|County Galway |
Almost bisected by Lough Corrib, its east is lowland with ancient towns such as Tuam, while the west is wild scenic Connemara. Galway is the lively city at its core.
|County Mayo |
Sparsely populated with rugged uplands, bogs and a scattering of islands: scenic Clew Bay has some 140 of them
|County Roscommon |
It's low-lying but poor farmland; east is the upper Shannon navigation network. There are ruined abbeys and prehistoric sites.
- 1 Galway is a lively historic city on the coast - even Christopher Columbus came here.
- 2 Tuam is the archbishopric and has been a religious centre for 1500 years.
- 3 Clifden, a Victorian seaside resort, is the main town in Connemara.
- 4 Westport is on scenic Clew Bay. Nearby is the pilgrimage mountain of Croagh Patrick.
- 5 Castlebar is Mayo's market and county town.
- 6 Ballina has several ruined abbeys and a rugged coastline. The French invasion of 1798 began nearby at Killala.
- 7 Roscommon is in an area dotted with prehistoric, medieval and later ruins.
- 8 Carrick-on-Shannon spans between Counties Leitrim and Roscommon. It's near a major junction in the Shannon waterway system.
- 1 Aran Islands: all three are inhabited, and dotted with prehistoric and early Christian sites. There are daily ferries and flights.
- 2 Connemara is the scenic west of County Galway, with rugged granite peaks. Be grateful you don't have to farm it.
- 3 Achill Island is reached by a bridge. It has several haunting deserted villages, Slievemore being the biggest.
Both English and Irish are widely spoken in the West. As with the rest of Ireland, most Irish speakers are found in smaller and more isolated villages, while the cities are dominantly English speaking.
- 1 Ireland West Airport Knock (NOC IATA) is in Mayo, 20 km north of Knock village. It has flights mostly by Ryanair from London Stansted, Luton and other UK cities, and a few European destinations.
- Since you need a car to get around, you might prefer to fly into Dublin or Shannon (near Limerick) and drive over.
- Trains run from Dublin Heuston via Athlone to Athenry and Galway, and to Roscommon, Castlebar and Westport, with connections to Ballina.
- They run from Dublin Connolly via Longford to Carrick-on-Shannon, Boyle and Sligo.
- Buses radiate out from Dublin Busáras and Airport. See individual cities, the main lines are Dublin-Longford, branching for Sligo or Ballina, and Dublin-Athlone-Galway.
- Cross-country buses are Derry-Letterkenny-Sligo-Knock-Tuam-Galway, Ballina-Castlebar-Galway, and Cork-Limerick-Galway.
- By road from Dublin, for Galway and the south of this region follow M4 / M6. For Carrick and Mayo further north, leave M4 for N4 through Longford.
Cities and townsEdit
Urban bus networks operate in the following cities:
- Galway - Bus Éireann operate a city network of six routes, with the busiest running every 15 to 20 minutes throughout the day.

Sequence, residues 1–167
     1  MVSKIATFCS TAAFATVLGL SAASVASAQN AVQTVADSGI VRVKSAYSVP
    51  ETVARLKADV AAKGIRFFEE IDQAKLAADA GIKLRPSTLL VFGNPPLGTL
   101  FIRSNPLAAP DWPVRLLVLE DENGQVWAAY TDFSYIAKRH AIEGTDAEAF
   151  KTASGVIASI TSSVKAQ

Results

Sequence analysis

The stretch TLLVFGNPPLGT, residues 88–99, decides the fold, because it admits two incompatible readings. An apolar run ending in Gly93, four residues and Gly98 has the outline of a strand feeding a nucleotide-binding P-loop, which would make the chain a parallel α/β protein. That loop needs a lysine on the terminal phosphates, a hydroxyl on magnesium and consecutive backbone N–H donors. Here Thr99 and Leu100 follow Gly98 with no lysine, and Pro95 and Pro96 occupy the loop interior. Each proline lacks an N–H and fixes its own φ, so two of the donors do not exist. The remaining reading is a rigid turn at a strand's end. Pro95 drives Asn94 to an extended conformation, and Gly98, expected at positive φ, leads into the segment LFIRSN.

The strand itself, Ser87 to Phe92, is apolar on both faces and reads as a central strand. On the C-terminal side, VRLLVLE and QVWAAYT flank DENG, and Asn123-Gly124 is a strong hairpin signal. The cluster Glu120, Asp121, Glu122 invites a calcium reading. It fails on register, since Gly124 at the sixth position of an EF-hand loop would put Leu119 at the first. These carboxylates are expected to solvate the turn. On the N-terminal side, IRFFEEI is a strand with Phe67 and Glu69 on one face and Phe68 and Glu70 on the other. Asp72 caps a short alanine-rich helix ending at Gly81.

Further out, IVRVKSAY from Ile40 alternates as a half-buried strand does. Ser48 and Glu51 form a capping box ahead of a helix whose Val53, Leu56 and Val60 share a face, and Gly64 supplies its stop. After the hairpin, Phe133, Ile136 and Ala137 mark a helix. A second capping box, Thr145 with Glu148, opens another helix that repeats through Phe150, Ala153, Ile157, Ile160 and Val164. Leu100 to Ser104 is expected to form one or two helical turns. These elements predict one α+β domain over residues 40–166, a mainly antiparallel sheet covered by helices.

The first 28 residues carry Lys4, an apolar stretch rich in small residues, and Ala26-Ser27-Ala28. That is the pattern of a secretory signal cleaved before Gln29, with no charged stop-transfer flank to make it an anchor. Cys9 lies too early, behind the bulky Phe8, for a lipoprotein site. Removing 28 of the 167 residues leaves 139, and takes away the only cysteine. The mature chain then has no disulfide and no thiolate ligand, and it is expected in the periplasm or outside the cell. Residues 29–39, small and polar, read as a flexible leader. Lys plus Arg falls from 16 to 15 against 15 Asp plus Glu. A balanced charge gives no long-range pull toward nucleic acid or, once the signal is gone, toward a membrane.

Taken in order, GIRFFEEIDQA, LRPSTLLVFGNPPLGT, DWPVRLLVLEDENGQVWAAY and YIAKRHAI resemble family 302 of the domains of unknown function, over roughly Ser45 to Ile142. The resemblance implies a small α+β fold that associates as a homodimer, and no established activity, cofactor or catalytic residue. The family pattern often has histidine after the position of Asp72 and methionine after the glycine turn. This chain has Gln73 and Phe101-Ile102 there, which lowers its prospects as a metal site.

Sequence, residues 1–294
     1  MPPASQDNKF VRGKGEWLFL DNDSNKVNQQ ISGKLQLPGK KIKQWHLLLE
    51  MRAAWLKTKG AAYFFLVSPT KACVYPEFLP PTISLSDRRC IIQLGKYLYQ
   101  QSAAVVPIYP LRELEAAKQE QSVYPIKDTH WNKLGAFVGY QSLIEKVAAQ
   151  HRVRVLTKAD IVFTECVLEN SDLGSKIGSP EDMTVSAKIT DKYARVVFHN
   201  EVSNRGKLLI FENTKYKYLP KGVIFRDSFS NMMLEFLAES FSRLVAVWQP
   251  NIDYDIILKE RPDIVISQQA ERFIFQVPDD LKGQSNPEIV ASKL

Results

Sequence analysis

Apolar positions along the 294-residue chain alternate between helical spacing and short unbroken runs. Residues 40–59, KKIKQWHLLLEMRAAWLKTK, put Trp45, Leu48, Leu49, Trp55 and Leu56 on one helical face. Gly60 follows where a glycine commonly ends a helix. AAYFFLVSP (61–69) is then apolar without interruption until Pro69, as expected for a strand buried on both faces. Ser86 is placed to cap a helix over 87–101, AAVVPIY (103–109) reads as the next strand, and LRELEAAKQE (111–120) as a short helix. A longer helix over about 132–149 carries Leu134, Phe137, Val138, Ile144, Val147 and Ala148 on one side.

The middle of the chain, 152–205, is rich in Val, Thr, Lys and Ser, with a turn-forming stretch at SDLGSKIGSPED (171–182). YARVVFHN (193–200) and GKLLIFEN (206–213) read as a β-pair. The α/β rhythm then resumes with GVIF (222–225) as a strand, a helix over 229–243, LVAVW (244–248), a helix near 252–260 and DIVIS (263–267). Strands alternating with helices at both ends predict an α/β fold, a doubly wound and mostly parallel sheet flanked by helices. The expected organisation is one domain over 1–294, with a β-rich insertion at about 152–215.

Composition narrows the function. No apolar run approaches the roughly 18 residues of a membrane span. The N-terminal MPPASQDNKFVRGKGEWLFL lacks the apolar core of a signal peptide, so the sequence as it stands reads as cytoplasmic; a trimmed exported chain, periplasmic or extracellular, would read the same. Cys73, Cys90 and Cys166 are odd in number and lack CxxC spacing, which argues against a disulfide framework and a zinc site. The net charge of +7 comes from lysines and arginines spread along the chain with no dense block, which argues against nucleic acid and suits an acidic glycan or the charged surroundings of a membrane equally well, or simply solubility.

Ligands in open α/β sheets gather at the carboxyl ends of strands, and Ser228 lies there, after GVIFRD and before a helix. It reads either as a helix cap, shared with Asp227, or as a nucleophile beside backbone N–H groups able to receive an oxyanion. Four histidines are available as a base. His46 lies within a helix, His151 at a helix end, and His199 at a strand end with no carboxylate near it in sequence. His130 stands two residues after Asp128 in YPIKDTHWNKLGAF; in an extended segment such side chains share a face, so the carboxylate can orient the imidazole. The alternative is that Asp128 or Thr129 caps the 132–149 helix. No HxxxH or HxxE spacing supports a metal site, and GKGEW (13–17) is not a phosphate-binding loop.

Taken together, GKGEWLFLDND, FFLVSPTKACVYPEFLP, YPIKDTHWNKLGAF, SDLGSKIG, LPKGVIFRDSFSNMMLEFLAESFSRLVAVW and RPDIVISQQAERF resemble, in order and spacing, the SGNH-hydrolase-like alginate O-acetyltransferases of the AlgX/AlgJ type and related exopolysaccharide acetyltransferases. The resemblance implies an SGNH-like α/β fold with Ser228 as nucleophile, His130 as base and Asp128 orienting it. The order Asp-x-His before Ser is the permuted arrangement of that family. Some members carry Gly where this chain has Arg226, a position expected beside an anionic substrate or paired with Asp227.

Regional, Commuter and RuralEdit
An extensive network of regional bus services operate across the region. However, the frequency of routes can vary significantly, from high frequency routes between nearby towns, to rural services running only once a week. The majority of services are public funded and operated by Bus Èireann and Local Link, although in some areas commercial services also play a large role in providing transport.
The main regional bus networks are:
- Bus Éireann operate an extensive network of regional bus services across Ireland. Commuter services are provided along routes into the main cities and towns, while in rural areas there are routes connecting many villages and small towns into their nearest large town or city. Most routes are shown on the Bus Éireann network map. Routes are numbered by region, with the 100's in the east, 200's in the south, 300's in the midwest and southeast, and 400's in the west and northwest.
- Local Link is the brand name for all services funded under the rural transport programme. There are over 1,000 rural bus routes serving nearly all corners of the country. These range from regular scheduled routes running several times a day between nearby towns, to door to door routes running only one day per week. The regular scheduled routes operate like normal bus routes, with fixed routes and timetables, however the door to door routes can vary and may require advance booking, so it's best to inquire with your nearest Local Link office [dead link] the day beforehand.
The main intercity routes operating within the region are:
- Dublin - Longford - Sligo: Bus Éireann Expressway route 23
- Dublin - Longford - Ballina: Bus Éireann Expressway route 22
- Dublin - Athlone - Galway: Bus Éireann Expressway routes 20/X20, GoBus route 720 [dead link], Citylink routes 760/761/763
- Derry/Letterkenny - Sligo - Galway: Bus Éireann Expressway route 64, Bus Feda route 964
- Ballina - Castlebar - Galway: Bus Éireann Expressway route 52
- Galway - Limerick - Cork: Bus Éireann Expressway routes 51/X51, Citylink route 251
Roads outside the larger towns are often narrow and windy. Although this encourages you to slow down and appreciate the wonderful (if a little bleak) scenery, it does mean that getting around will probably take longer than you think.
By rental carEdit
Car hire is available from several agencies in the city and at the airport.
- Budget Car Rental Ireland - Locations at both Galway Airport and Eyre Sq in Galway City Center
- Alamo / National
- Dan Dooley
- Enterprise Rent a Car
Several local car dealers operate car rentals. These include:
- Windsor Motors - located at Ballybrit
- Arch Motors - located at Westside
- Hill walking. Around the county.